Brexit will undoubtedly dominate the debates of the next parliament for at least the next two years but only one issue relating to Britain’s departure from the EU will seriously affect the UK hospitality industry: the availability (or not) of migrant labour.
Will the industry be able to recruit the (very) many migrant workers that it currently employs?
The answer is almost certainly not.
The present government is clearly thinking about introducing annual work permits for migrant workers, though details are scarce or non-existent. Even if this is the way forward, the number allocated to hospitality might not be nearly sufficient for its needs. The British Hospitality Association claims 100,000 work permits a year will be required post-Brexit. Given that there must be three or four times as many migrant workers already working in hospitality (possibly more – no one seems to know), the BHA’s figure seems realistic from the industry’s point of view. But, it’s likely to be pie in the sky.
Even if work permits are the way forward, we have no idea of the numbers of workers that might be accepted, nor their skill levels. There is little evidence to suggest that the government would agree to the large number that hospitality is claiming when they are competing against maybe even bigger claims from the care industry and NHS, retail and agriculture in particular – and when there is talk is bringing the number down to ‘tens of thousands’.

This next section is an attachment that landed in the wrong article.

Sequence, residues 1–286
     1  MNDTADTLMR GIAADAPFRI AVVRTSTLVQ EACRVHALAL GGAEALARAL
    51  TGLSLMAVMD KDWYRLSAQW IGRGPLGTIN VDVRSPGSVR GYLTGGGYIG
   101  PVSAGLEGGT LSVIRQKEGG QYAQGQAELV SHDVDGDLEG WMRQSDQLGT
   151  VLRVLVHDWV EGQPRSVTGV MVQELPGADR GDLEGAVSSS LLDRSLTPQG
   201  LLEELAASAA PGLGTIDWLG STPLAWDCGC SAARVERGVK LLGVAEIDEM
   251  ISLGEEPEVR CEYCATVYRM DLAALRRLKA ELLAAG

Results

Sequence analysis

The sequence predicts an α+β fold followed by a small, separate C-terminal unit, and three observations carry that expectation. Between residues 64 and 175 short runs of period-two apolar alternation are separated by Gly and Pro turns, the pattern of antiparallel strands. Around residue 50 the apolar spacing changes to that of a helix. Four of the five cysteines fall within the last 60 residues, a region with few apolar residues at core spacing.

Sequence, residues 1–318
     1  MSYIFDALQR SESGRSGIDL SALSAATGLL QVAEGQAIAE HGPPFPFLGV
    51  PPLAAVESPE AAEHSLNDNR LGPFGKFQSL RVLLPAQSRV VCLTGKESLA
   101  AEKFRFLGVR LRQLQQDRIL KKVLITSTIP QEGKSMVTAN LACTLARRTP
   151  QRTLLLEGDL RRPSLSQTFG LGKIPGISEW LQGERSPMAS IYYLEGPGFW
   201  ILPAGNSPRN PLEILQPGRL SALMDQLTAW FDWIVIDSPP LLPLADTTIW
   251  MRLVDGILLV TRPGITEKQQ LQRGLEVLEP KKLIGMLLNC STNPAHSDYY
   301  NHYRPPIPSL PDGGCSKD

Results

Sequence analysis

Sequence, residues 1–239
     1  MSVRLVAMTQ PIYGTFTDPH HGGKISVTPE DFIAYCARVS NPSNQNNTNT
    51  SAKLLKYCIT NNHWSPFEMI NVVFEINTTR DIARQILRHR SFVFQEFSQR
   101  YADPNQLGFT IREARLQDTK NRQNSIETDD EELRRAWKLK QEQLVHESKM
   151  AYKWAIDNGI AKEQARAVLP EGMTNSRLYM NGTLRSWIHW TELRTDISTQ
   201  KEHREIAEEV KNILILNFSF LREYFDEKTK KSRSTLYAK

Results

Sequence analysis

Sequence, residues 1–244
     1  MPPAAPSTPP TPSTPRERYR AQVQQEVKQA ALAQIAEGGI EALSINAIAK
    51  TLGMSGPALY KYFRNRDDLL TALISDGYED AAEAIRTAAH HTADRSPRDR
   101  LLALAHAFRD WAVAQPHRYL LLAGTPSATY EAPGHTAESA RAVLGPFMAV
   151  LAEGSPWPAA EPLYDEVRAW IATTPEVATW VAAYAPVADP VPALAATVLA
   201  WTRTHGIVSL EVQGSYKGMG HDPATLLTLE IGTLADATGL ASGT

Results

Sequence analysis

As hospitality is so dependent on migrant workers, the result of any reduction in their availability will put wage rates under greater pressure than they already are. The National Living Wages rises to £9 an hour in 2020 and there are additional pension and other HR costs to cope with.. Having a smaller pool of workers to recruit from, hospitality is all too likely to become a high wage industry by the end of the decade. It’s time for employers to prepare for this now.
Two other costs need to be addressed by the new government but these are nothing to do with Brexit.
Hospitality, in many ways, is being unfairly treated when it comes to rates. Hotels and restaurants which have been in city centre locations for years – and, in many cases, are only marginally profitable – are being hard hit by increases in local rates. At the same time, out-of-town businesses, newly set up, escape such punishing increases. This is inherently unfair. Will the next government do anything about this? Don’t hold your breath.
And the apprentice levy, which hits big businesses who, by and large, are already training their staff to the maximum, does little or nothing to encourage smaller businesses to train their staff, even though many of the latter will poach workers trained by the bigger employers. To be fair, the levy needs to be applied to businesses with a payroll of more than £1m (or even lower), not the present £3m limit. An amendment here could well be on the cards for the next government. We shall have to wait and see.